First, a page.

A solid peck telegraphed down my line; a swift strip strike came tight to a fish buried in the murk of the river. It wasn't like hooking a brick wall, so I knew it wasn't the Kraken. A couple minutes later a nice spotted gar appeared from the depths. These are the prettiest of the gar, superbly mottled and camouflaged for their watery environ. I slipped on a glove for the final approach. Thus protected from the coarse armor, it was easy to pop the hook out and slip the fish back into the water.
This time back down towards my buddy. Flicking fly lines immediately split the distance between us. Two lines, one mustard orange and one light blue, drifted together down the lazy, swirling current. The flies sinking down, perhaps even now passing within inches of a gar, THE gar…
Strip, sink…. Strip, sink…
All the way back ‘til the leader connection is just outside the rod tip. Shake out a couple feet of line, roll cast to get everything going and the satisfying acceleration of a couple good double hauls. Then fishing again - the most zen part of fly fishing, in tune with everything and nothing at once. Reaching for the slightest hint… wait… there’s a bit of extra weight… a slight sluggishness… my left hand grips and rips the fly line back past my left hip as my right hand powers the rod back to the right. Or… tried to.
The movement of my right hand is arrested suddenly by a great weight attached to the end of my line. The line thrums with power and starts leaving, burning through the tight grip of my left hand. I had time to turn and look wide-eyed down the bank and succinctly sum up the situation to my fishing partner - “Oh s*^%.”
It was midafternoon. The Texas heat bore down on my shoulders as I stood silently by the riverside, listening to the background drone of katydids and cicadas. My fishing partner readied tippet and selected his fly down the bank a ways. I could smell the heat, and the river; a subtle bouquet of drying plant material and mud. I took note of all this, but my eyes never left the water. I was searching for a sign. As the water warmed its ability to retain oxygen decreased, and as a result a fish that could use it’s air bladder like a lung would have an advantage. A predatory advantage over the sluggish, oxygen-starved minnows and other prey. A gar advantage.
There. A subtle roll, not really a gasp for breathe just kind of a sip. Small gar, that one. Probably a longnose. Another rolled, and another.
Rod in my right hand, leader in my left. My fly hung a few inches below my left hand, swaying gently in the occasional puff of breeze that crawled through the riparian vegetation. My eyes slightly unfocused, looking at nothing and everything. The heat was hot, and the insects droned on.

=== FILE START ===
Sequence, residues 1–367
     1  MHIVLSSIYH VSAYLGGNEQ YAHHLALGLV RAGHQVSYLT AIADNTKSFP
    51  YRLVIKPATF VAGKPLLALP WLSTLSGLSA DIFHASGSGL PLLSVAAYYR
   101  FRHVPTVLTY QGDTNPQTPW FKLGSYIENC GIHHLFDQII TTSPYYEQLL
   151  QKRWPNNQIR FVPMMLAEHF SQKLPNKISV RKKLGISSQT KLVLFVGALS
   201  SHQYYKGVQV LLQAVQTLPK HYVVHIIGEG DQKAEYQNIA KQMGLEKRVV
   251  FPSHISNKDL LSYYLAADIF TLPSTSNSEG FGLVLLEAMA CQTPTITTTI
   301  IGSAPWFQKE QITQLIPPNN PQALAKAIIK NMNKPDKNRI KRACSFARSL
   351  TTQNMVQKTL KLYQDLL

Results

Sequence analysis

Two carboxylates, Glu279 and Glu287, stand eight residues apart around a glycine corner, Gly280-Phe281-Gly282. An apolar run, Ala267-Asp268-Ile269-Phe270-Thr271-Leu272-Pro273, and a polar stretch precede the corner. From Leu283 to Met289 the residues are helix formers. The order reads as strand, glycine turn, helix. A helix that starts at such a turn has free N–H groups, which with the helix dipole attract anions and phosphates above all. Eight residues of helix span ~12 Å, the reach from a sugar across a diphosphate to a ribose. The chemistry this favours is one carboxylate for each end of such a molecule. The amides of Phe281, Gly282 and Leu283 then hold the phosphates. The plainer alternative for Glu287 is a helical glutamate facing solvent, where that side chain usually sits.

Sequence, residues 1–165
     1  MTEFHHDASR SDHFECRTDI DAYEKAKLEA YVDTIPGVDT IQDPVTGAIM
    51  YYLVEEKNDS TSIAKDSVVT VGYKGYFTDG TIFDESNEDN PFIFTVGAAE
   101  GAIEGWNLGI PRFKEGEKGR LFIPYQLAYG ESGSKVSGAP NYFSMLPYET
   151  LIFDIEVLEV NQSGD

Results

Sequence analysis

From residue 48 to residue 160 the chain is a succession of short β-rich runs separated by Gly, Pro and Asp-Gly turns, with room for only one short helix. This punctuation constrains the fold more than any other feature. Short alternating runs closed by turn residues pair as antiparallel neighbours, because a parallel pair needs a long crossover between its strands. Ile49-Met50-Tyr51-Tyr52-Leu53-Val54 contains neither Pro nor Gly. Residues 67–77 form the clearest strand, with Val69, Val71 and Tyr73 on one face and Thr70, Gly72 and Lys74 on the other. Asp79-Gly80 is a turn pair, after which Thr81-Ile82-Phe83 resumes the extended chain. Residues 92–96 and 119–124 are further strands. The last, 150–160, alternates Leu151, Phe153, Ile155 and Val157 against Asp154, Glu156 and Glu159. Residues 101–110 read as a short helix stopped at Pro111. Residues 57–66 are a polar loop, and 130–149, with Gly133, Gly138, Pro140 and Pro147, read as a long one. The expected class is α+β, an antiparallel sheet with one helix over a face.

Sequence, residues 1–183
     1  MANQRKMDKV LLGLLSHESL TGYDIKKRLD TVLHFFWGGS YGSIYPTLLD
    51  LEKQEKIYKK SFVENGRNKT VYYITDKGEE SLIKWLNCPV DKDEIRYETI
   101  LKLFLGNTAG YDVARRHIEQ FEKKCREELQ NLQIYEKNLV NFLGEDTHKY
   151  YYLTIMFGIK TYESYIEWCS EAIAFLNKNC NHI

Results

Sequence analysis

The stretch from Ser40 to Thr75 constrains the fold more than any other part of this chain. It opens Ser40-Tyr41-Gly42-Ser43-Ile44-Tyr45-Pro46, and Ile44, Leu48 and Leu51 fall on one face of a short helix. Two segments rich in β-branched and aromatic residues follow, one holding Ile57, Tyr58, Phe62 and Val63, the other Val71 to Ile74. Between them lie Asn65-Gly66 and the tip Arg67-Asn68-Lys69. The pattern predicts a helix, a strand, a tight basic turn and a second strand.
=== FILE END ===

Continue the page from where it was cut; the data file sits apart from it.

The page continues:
Down the bank, my fishing partner waded gently out into the water, ripples emanating from his knees as he stopped and started stripping a pile of light blue line into the water.
From the corner of my eye I watched the pile zip up off the water as he flexed the rod through a double haul. I took a deep breath of hot, wet air, and stepped into the water. It was warm, but cool to my legs and the backs of my knees. I stopped and started making my own line pile, still watching.
Tha-wOOSH! Mid-river, a leviathan surfaced for a fleeting moment, gulping air and turning immediately back towards the bottom, throwing water with a caudal fin as big as my head.
I glanced over at my buddy down the bank. He grinned and motioned with his head towards the retreating ring of ripples created by the rolling alligator gar. Go get ‘em, he said without words. I nodded. So it begins…
One of my favorite parts of fly fishing or fishing in general is that it's something anyone can do. As a certified casting instructor, I run into many people who balance precipitously on the fence, not knowing whether to try fly fishing or if they'll just be made to look the fool. To any novices in the audience, I have a bit of a secret - we were all there once. Paraphrasing one of my favorite quotes on the subject, we all fall in the river sometimes. We all catch trees on our backcast occasionally, and we all cuss ourselves from time to time, but the challenge makes the victory that much sweeter. Helping someone gain the skills necessary to be a successful fly fisher is one of life's greatest joys to me. So, when I convinced my sisters to go fishing with me, it was a great day!
First up was my middle sister, home from college and eager to get out of the house for a bit. We invited a couple other people to join us and received incredulous looks. Nonbelievers. I just looked at my sister and shrugged. Hey, more for us.
I told the story of the past couple days and she was looking forward to getting to see some of these fish up close and personal. It didn't take long. She had brought a spinning rod as backup but I encouraged her to try out the fly rod - in the close confines of the river a roll cast was all that was needed and she quickly figured it out. Was it the most beautiful thing in the world? No, but it was what I call a fishing cast. As long as the bug gets in front of the fish and the fish eats it, it doesn't really matter to me how it gets there. And she got it there. After a couple missed rises from lack of experience in knowing what to look for I could see that she was getting serious. I spotted a small pod of perhaps 5 or 6 carp hanging in the shade near the bank, and we snuck in within range.The fish were moving in and out of the small patches of light filtering through the canopy and all I could pick out were golden glimmers of scale and orange tails. I gently coached her on where she needed to put the fly to get a good drift and she did a great job. A solid head rolling rise and she came tight to her first carp on the fly! There was a moment of chaos as she and the fish tried to figure out what was going on and how to best deal with this new situation, but soon the fish was to hand. She was all smiles as we watched it swim away.